Computer movies, a subgenre of found-footage films, are less common than their Blair Witch cousins, but, like the Finder of No Friends films, can be surprisingly effective. If they were any good.

Homeland Security is not a good thing.

Setting

Two years after the pandemic began and new strains emerged, the number of Covida deaths has soared, plunging the United States into a climate of violence and chaos. Unable to go out, a group of friends organize a noisy birthday party for boy Evan (Dan J. Johnson) via Zoom. Unfortunately, things get out of hand and the night gets out of hand, resulting in the death of Evan’s girlfriend, Jen (Jocelyn Hudon). All of this is displayed on zoom screens and then on video calls.

Species for which the setting is incorrect

Timur Bekmambetov, the producer of Unfriended, once laid out Dogme 95-like rules for films on computer screens, including that the action should not take place off-screen, that the camera’s work should resemble that of the machine, and that there should be no non-lethal sounds. It stands to reason that anything you record live with a webcam or a phone won’t work with Hans Zimmer’s orchestra, and you have to give the impression that your character is being filmed all the time. The first twenty minutes of the lair play out entirely within the zoom windows of the people present at the party. There’s no score, and it looks like it could be an Unfriended level film, though the stakes are lower.

Then Evan walks away, and instead of switching to the usual cinematic style, the creators stick to the on-screen trick of leaving Evan in a video chat on his phone. Which, of course, is normal for a human being. At one point he hides behind a hedge with police officers in his ears and keeps filming. With his light. Even if he didn’t understand the mistake he made, he should have been informed: Why are you still filming this? Hang up the phone. Or at least, just speak with your voice. And for God’s sake, whisper it. (Maybe the reason he doesn’t whisper is so you can’t hear it at the expense of the film). Safer at Home doesn’t believe in convincing viewers of the danger through the script and interrupts most of the film with a haunting soundtrack. Imagine what a mess the Blair Witch project would be if Eddie Izzard’s cellists followed them.

Remember when they were all on drugs? There won’t be 25 minutes in the movie. They talk early on about how Evan’s friend, Oliver (Michael Kupisk), obtained the drug from Japan, because it’s a bizarrely designed laboratory drug (unlike regular ecstasy, which is grown and harvested organically from the vine), so there’s a possible level at which the drug could be contaminated or toxic. They’re abandoning the idea altogether. Despite the fact that ecstasy is a known stimulant that raises body temperature, they prefer to show Nerdy Ben’s stress level by having him huddled nervously under a heavy blanket. While I was wearing the sweater. Without a drop of sweat on it.

Vertical entertainment

Carelessly torn from headings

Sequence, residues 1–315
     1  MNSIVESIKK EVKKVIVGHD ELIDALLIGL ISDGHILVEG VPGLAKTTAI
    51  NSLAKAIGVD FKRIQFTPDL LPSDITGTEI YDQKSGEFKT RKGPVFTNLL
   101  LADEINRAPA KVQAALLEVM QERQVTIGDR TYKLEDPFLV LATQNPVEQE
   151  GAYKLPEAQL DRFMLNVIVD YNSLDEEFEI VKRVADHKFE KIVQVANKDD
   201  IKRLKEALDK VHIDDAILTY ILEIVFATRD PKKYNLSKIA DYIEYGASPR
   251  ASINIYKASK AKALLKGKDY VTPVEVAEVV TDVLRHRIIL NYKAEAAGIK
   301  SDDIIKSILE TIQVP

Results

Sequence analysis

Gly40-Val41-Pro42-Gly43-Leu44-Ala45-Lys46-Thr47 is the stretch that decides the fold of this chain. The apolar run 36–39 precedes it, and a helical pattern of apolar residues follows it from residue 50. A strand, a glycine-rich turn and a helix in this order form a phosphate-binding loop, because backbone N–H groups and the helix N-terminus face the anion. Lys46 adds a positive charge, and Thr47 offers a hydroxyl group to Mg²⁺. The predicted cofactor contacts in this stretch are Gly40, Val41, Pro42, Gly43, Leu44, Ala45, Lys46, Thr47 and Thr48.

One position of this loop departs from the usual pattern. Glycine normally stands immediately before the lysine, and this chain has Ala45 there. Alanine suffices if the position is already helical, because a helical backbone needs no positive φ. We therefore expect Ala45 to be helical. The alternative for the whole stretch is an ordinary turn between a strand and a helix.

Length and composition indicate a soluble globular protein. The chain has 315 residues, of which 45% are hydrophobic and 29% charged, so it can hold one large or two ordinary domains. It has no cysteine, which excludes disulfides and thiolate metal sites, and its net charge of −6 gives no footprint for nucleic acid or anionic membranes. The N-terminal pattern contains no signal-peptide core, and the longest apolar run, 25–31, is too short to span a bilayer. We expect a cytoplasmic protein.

All of this would be disappointing, but normal enough for a low-budget horror. In the name of 90 minutes of entertainment on a Friday night, some negligence can be forgiven. Where Safer at Home really fails is in trying to make COVID-19 a major point of the conspiracy. First of all: Does anyone want this in the genre of an escape thriller or a horror movie while we’re still dealing with it in real life? Second, when trying to walk on the edge, the mistakes made are obvious.

CGI has an expression known as Creepy Valley. The graphic design then goes from caricature, which we have no problem with, to photorealism. Just before the photorealism, there is a moment where the graphics are almost realistic, but only plotted to distract. Think, for example, of the dead-eyed monsters in the Polar Express.

What is safer at home is in the frightening valley of time. A fictional pandemic like contagion is free to set its own rules to some extent, because it has created its own disease. Homeland Security is linked to a real disease and yet, even though production only stopped in January, it already seems hopelessly outdated. He’s only using archival footage of President Trump because he probably finished filming before November. Statistics show that 13.2 million Americans died in July 2022. A new strain of Covid 20B. The fact is that we already have several new strains, and we know they are all KOVID-19 strains. We didn’t call the British or South African variants 19B or 20, it doesn’t work that way. An increase in mortality by more than 26 times also seems unpleasant. Isn’t half a million American dead enough for the creators of the tragedy? And although this new, much more deadly infection is apparently rampant, the characters who come out are not wearing masks. This puts the film in the category of seemingly improbable, but normal in the territory of This Is Shit.

But wait, there is (unfortunately) another.

Not content to take a contemporary plot and turn it into a movie, Safer at Home decides to start a Hamma-like police shootout. This is clearly an indictment of the fascist aspects of the American police, but it is handled so clumsily that the viewer rolls their eyes at the desperate attempt to corner the man outside on an empty street into which they have inserted themselves.

This happened shortly after one of the most absurd twists I’ve seen in a long time. The kind that makes the above a totally questionable proposition, which is never a pleasant time.

The Host is an example of a Zoom-based pandemic film that stalled on landing. So it is possible. Unfortunately, the security in his home country has been wrong more than once.

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